Jean Grae appeared on the Melissa Harris Perry show to discuss the importance of the woman’s voice in hip-hop. Grae shares the origins of her independent business model that was influenced by her jazz musician mother who started her own…
“A boy and a girl run around on the grass at the park. The boy tackles the girl. The girl laughs. She gets up and runs away. She loves to run. He chases, she turns and they grab each other, tumble and land in a pile, giggling. After a few minutes, he tackles her again and she lands a bit hard. She is bigger and physical, but he more than holds his own in roughhousing. She pauses for a second. Then she laughs again; she’s still having fun.
Dad gets his attention, and says, “If she’s not having fun, you have to stop.”
He is two. He needs to hear this now, and so does she. And again, and again, and again, so that like wearing a helmet on the bike it is ingrained.”—
I’ve done this with my kids since the moment they could each sign “more” and “all done” around 8 months old. More tickles? Or all done? More kisses? Or all done? More bouncing? Or all done?
When they’re old enough to play with others, you teach them to constantly check in with each other. Are you having fun? Or do you want to be done?
Is the shrieking laughter or fear? ASK.
Is the giggling from joy or nervousness? ASK.
Do you like being smacked with pillows? ASK.
Are you having fun wrestling? ASK.
And keep asking. What was fun five minutes ago might not be fun now.
Both kids know the moment something stops being fun, they need to stop. And they know that their wishes about what is fun and what’s not will be respected by their parents and by each other. They’ve known it since 8 months old.
This truly isn’t a difficult concept. It’s easy to teach it by example and it’s incredibly simple for children to do.
Blues is a central pillar of rock, and blues violates quite a few tenets of common-practice classical harmony. The biggest one is the distinction between major and minor. The sound of blues is in large part the sound of minor melodies and chord extensions over major chord progressions. The more blues-oriented flavors of rock are similarly ambiguous in their major/minor identity. A lot of the time, rock chords are neither major nor minor, like the famous power chord, which is just root-fifth-root.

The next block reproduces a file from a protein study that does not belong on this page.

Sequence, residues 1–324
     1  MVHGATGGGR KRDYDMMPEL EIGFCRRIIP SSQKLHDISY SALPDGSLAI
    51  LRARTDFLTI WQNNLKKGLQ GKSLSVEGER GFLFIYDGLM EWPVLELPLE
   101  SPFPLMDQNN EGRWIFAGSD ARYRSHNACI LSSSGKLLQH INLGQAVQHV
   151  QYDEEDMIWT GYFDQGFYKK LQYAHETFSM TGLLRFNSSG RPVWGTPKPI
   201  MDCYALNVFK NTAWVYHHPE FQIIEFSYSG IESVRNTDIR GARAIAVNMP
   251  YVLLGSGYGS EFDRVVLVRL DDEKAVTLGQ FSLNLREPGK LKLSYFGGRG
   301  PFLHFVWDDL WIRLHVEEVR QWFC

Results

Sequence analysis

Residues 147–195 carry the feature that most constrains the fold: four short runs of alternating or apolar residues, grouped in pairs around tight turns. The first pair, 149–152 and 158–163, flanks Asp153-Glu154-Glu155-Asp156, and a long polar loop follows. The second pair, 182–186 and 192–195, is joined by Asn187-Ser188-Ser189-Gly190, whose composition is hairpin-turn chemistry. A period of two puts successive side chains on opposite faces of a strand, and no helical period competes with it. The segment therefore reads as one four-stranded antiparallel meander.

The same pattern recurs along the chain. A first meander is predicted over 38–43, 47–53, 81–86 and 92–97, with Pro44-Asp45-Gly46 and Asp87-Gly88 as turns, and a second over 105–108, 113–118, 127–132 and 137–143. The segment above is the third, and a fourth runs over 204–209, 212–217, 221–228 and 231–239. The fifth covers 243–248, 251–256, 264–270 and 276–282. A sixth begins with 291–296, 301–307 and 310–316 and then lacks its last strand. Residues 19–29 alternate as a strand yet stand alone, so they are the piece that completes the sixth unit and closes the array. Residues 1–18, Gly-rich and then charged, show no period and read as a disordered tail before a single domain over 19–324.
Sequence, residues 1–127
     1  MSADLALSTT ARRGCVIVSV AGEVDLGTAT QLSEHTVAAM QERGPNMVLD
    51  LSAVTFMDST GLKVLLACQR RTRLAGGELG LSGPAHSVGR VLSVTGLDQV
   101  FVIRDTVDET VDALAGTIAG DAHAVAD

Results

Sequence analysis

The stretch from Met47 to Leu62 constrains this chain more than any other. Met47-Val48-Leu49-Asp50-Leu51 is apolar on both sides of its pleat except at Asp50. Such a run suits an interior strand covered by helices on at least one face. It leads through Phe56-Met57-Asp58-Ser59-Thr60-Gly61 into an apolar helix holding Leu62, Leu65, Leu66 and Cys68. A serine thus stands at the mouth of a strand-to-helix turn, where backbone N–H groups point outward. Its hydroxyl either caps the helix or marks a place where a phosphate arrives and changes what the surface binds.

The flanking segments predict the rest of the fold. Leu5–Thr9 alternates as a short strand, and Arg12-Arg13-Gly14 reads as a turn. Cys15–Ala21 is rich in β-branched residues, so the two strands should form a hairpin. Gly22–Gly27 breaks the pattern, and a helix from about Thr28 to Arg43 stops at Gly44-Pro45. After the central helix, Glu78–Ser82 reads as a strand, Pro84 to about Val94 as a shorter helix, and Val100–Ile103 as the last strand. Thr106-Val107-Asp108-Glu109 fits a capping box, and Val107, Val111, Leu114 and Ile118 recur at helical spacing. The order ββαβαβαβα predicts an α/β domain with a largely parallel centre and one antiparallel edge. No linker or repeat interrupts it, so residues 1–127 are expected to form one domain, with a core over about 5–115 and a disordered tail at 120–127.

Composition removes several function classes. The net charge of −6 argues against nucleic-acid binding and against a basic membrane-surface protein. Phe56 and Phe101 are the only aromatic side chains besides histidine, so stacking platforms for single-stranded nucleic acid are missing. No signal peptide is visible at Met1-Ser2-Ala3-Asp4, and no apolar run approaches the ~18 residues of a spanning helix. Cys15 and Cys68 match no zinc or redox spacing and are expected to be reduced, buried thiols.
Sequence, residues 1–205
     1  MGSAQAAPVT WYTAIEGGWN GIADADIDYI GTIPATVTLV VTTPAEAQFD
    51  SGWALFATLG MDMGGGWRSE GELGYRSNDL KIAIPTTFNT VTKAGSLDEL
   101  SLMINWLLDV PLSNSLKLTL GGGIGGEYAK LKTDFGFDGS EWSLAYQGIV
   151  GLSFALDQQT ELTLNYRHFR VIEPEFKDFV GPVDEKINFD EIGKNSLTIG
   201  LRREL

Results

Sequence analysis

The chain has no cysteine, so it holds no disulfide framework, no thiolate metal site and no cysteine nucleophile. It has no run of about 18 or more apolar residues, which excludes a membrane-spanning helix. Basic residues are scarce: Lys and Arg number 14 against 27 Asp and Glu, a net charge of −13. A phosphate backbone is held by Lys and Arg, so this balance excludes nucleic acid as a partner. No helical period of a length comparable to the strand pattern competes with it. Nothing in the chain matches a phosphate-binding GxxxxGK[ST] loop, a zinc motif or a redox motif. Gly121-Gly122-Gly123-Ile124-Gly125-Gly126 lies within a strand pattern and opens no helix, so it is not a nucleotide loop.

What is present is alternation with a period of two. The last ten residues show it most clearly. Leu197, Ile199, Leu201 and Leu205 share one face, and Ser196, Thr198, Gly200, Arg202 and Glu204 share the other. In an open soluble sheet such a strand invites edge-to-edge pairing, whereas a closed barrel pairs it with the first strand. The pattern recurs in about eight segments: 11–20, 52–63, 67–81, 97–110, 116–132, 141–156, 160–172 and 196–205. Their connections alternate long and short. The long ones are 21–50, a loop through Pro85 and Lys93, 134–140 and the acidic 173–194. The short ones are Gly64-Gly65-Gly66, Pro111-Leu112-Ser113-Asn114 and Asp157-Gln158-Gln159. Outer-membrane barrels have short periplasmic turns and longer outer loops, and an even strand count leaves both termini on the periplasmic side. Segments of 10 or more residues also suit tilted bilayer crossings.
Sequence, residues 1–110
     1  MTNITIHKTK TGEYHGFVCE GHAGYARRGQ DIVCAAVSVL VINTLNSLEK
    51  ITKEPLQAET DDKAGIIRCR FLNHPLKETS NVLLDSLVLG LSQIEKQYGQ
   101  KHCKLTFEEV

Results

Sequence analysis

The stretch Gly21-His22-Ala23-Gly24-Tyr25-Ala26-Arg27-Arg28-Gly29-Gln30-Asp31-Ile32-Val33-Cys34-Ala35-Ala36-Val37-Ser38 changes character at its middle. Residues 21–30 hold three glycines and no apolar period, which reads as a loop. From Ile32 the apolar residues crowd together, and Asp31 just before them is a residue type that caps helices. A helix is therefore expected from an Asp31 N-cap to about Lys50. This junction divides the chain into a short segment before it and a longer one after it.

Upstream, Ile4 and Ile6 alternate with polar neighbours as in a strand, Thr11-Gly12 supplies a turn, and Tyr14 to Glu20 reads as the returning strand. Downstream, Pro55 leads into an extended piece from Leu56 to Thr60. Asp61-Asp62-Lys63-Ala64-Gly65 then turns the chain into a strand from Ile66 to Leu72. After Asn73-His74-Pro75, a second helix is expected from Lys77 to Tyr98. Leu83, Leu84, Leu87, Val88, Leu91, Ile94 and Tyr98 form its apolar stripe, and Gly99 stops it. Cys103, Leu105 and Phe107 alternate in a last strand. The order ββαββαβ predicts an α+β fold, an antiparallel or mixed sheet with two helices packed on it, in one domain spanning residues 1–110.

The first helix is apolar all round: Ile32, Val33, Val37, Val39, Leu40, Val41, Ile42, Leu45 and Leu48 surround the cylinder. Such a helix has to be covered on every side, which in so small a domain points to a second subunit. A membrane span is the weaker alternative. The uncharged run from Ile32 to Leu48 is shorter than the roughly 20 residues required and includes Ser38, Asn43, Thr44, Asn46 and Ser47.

One of the things I like most about playing in Zest of Yore is that many of ZOY’s songs are attempts to shoehorn classical music theory into rock and roll structures. I’ve learned so much about classical music in the last couple of years just from listening to my band mate Stephen rant about it, haha…
“When we reveal ourselves to our partner and find that this brings healing rather than harm, we make an important discovery—that intimate relationship can provide a sanctuary from the world of facades, a scared space where we can be ourselves, as we are…This kind of unmasking—speaking our truth, sharing our inner struggles, and revealing our raw edges—is sacred activity, which allow two souls to meet and touch more deeply.”—John Welwood (via sydbelle)
“I am not Spanish. Spanish is just another language I speak. I am not a Hispanic. My ancestors are not descendants of Spain, but descendants of Africa. I define my existence by race and land. (Borinken is the indigenous name of the island of Puerto Rico.)”—
“When sex becomes a production or performance that is when it loses its value. Be mutual. Be loud. Be clumsy. Make noises, be quiet, and make a mess. Bite, scratch, push, pull, hold, thrust. Remove pressure from the moment. Love the moment. Embrace it. Enjoy your body; enjoy your partners’ body. Produce sweat, be natural, entice your senses, give into pleasure. Bump heads, miss when you kiss, laugh when it happens. Speak words, speak with your body, speak to their soul. Touch their skin, kiss their goose bumps, and play with their hair. Scream, beg, whimper, sigh, let your toes curl, lose yourself. Chase your breath; keep the lights on, watch their eyes when they explode. Forget worrying about extra skin, sizes of parts and things that are meaningless. Save the expectations, take each second as it comes. Smear your make up, mess up your hair, rid your masculinity, and lose your ego. Detonate together, collapse together, and melt into each other.”—(via valledeparaiso)
“Such was a poet and shall be and is
-who’ll solve the depths of horror to defend a sunbeam’s architecture with his life: and carve immortal jungles of despair to hold a mountain’s heartbeat in his hand.”—E.E. Cummings (via tatsulok)